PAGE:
Re-assessing the books in this light is difficult for a Tintin fan. In much the same way as admirers of T.S. Eliot are required to take into account his apparent anti-semitism, those who enjoy Herge cannot avoid the problem of Tintin in the Congo. As mentioned above, I think the later books more than mitigate the earlier mistakes, because the messages undergo a 180 degree reversal. However, unless one is actually writing an article or book on Herge, I don’t think that one can justify keeping a copy of Tintin in the Congo by claiming some kind of academic interest and detachment. Nor is the notion of “having the full set” particularly tasteful, when “the full set” is actually inferior to a collection of selected albums. I shall throw my copy into the recycling bin.

15 thoughts on “Notes on Tintin in the Congo”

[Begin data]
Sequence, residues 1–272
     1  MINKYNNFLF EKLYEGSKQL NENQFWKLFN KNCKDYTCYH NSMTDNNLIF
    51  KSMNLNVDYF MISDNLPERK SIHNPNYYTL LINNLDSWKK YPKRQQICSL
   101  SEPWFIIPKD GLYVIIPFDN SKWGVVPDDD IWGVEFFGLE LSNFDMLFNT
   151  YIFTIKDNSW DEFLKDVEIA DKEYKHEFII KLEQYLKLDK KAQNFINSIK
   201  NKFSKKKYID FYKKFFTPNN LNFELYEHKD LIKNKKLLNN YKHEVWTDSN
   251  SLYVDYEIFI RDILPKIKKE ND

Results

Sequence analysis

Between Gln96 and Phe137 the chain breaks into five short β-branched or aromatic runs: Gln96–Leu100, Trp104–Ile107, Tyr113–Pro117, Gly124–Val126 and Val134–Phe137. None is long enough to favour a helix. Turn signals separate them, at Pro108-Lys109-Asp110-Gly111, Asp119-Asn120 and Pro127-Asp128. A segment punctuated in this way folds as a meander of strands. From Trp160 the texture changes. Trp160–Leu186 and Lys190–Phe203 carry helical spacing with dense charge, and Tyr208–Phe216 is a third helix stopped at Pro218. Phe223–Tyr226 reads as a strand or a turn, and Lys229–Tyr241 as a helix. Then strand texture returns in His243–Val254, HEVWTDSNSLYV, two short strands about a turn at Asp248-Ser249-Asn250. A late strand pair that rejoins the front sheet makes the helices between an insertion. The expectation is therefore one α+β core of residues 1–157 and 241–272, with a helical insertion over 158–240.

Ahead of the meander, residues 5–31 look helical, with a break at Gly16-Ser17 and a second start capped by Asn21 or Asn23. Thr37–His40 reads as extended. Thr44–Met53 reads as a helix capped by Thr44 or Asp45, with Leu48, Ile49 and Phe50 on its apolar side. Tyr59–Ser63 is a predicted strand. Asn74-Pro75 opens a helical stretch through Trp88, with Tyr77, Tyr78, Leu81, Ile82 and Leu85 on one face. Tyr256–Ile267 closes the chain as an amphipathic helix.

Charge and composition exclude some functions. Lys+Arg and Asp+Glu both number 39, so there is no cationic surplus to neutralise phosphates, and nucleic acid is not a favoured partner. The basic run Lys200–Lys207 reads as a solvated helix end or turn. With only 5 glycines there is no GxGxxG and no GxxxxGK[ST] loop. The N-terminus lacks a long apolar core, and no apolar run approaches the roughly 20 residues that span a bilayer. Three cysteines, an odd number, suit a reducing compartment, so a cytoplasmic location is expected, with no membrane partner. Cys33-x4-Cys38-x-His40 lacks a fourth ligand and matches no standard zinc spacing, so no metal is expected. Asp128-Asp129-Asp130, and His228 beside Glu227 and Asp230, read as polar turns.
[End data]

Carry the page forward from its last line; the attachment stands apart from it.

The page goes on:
1. Come on! The Blue Lotus less racist? All of the Orientals are portrayed as dishonest, scheming toturers! The ones who aren’t are odium-addled idiots. At best.

    Personally, I look on the books as a product of their times.

    DK

  2. True, I was thinking more about the design/illustrations with regards to the Blue Lous. But it still pales in comparison compared to Congo. True, some of the central characters are indeed schemers, but its not like the passers-by are depicted as a bunch of idiots, as they are in Congo. And characters like Chang an Mr Wang-Chen-Yee are very positive.

  3. Absurd!!! We can not like our lives censoring, where does it stop!!!!!!!!
    P.S. this book can be bought in any book store and is now in the top 25 on Amazon. Not the way it was planned eh?